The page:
By Jayne Carrington, Managing Director, Right Management Workplace Wellness
According to the BITC, one in four adults in the UK will experience a mental health condition in any given year. At the same time, ill mental health at work can cost UK employers around £26 billion per year, which can have crippling effects on an organisation. For many, talking about mental health and having the courage to ask for support can prove incredibly beneficial, which is why de-stigmatising the subject is so important. Many employees, however, still find it hard to discuss mental health issues with their employers.
We know that taking active steps to intervene on employee wellbeing positively affects employee resilience levels and opens the door to positive discussion. Therefore, this ‘Time to Talk Day’ (Thursday, 5 February), we’re encouraging employers to think about how they can better support employees with mental health issues:
Consider arranging a ‘Mental Health in the Workplace’ workshop:
In many cases, employees are unaware of the support their organisation can offer. Workshops like these can help to raise awareness of, and de-stigmatise, mental health issues, particularly for close colleagues of such employees.
Work closely with GPs and Occupational Health departments:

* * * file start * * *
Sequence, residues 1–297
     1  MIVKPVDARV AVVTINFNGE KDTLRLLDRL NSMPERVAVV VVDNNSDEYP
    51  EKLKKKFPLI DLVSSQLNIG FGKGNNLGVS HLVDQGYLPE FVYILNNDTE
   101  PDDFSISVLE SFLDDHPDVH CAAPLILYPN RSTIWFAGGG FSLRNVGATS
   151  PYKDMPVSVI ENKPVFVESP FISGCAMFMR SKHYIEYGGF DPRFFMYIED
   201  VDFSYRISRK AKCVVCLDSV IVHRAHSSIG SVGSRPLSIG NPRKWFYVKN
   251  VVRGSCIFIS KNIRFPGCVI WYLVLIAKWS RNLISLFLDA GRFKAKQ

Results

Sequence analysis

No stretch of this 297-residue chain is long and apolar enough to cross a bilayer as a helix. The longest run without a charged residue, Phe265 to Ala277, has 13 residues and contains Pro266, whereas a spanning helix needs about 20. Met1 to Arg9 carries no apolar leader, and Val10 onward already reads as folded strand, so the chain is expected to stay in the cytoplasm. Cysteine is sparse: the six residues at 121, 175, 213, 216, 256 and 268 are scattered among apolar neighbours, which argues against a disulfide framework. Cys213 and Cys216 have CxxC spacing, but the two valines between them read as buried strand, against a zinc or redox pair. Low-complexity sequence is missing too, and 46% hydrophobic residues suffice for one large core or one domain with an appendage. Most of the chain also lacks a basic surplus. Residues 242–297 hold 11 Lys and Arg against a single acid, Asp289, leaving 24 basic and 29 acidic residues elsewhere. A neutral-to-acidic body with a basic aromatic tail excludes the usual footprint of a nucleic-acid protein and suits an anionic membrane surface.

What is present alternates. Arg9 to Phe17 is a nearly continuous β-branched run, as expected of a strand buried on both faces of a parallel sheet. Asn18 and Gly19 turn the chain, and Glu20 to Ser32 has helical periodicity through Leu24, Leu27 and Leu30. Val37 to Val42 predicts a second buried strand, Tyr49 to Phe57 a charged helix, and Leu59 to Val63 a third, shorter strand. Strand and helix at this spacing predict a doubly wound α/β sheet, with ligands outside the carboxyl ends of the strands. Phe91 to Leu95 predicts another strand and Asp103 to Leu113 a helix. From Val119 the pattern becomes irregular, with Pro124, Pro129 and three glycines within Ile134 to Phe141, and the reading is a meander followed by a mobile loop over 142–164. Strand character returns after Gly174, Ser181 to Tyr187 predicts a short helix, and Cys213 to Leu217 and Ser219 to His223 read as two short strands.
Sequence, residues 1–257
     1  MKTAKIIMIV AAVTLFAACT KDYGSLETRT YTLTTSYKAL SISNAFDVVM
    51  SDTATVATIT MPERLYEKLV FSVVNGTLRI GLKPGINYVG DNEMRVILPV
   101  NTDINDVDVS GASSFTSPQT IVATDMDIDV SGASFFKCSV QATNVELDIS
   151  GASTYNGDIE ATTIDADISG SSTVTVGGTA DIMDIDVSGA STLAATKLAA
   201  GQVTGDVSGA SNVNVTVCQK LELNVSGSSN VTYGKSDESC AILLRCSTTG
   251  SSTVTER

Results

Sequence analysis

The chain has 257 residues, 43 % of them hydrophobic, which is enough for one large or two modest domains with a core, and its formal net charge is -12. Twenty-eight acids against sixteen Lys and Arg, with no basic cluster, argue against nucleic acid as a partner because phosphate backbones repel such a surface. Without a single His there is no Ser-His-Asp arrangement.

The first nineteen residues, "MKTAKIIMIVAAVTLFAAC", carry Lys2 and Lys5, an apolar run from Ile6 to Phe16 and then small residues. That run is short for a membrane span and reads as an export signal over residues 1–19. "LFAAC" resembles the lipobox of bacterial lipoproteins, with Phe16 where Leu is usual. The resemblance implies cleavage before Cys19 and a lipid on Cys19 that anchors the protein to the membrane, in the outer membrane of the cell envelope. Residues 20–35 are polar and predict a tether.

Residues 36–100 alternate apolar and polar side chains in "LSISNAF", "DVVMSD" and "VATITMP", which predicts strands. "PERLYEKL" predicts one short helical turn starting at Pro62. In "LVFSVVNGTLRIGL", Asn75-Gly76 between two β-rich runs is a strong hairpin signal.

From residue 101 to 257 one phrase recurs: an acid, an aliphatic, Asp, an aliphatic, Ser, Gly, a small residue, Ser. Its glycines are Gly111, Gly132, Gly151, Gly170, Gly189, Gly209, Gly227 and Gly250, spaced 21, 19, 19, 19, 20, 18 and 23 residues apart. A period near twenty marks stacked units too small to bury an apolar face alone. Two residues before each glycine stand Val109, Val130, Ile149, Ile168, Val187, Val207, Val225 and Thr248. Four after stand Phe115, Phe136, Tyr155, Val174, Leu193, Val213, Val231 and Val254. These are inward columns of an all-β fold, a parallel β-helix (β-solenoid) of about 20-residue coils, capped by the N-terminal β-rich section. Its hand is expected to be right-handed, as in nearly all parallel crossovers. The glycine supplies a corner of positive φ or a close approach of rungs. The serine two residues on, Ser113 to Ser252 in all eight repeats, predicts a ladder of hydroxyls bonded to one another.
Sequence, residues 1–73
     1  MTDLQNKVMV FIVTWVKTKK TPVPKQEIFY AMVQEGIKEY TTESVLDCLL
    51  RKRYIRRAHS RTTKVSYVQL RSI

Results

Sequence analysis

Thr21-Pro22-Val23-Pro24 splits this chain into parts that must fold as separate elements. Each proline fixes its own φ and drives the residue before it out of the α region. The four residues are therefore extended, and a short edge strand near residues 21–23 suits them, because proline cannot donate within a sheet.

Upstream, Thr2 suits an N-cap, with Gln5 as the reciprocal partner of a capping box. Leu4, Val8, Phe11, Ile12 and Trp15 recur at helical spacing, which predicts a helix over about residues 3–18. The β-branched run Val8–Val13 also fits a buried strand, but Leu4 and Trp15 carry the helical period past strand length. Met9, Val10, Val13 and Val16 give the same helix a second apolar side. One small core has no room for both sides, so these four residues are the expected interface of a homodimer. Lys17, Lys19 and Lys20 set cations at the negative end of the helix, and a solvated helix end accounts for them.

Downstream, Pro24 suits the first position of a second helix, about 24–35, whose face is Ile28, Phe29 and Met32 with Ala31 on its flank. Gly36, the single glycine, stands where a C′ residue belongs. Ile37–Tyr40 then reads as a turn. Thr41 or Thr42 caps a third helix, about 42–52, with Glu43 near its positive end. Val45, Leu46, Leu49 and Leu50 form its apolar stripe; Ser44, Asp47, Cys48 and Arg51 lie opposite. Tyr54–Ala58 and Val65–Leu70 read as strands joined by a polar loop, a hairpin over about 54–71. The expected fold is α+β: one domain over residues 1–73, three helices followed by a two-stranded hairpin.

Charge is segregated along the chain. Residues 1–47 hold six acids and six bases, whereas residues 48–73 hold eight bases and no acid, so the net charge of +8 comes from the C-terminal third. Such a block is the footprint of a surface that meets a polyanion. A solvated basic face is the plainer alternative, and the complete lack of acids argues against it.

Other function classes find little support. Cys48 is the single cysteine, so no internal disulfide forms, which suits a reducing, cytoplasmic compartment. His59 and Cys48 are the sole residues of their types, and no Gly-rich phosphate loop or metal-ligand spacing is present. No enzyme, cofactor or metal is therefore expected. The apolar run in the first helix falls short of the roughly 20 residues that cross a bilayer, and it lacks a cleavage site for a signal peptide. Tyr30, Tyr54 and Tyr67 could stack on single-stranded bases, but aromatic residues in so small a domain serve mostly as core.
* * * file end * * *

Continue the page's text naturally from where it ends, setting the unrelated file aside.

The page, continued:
The needs of employees with severe mental health problems may best be met by a joined-up approach involving multiple agencies. GPs and Occupational Health departments can help line managers in particular to address sensitive areas and make the working environment safer and healthier for employees with poor mental health. It’s important to keep the employee involved every step of the way - we use the phrase “nothing about me without me”!
Be approachable and encourage employees to talk:
Developing a ‘We can talk’ culture around employee wellbeing and making time to listen is extremely important. When employers are more receptive and understanding, employees will feel more valued, cared for and have confidence that their problems can be accommodated for in the workplace.
Consider factors that can make a difference:
Questions such as ‘what are we doing that encourages good health at work?’ and ‘what are we doing that creates bad health at work?’ are important. In many cases, slight adjustments in the workplace can help a person to do their job better and feel more focused. Employees should be at the centre of these discussions, in order for employers to help meet their specific and diverse needs.”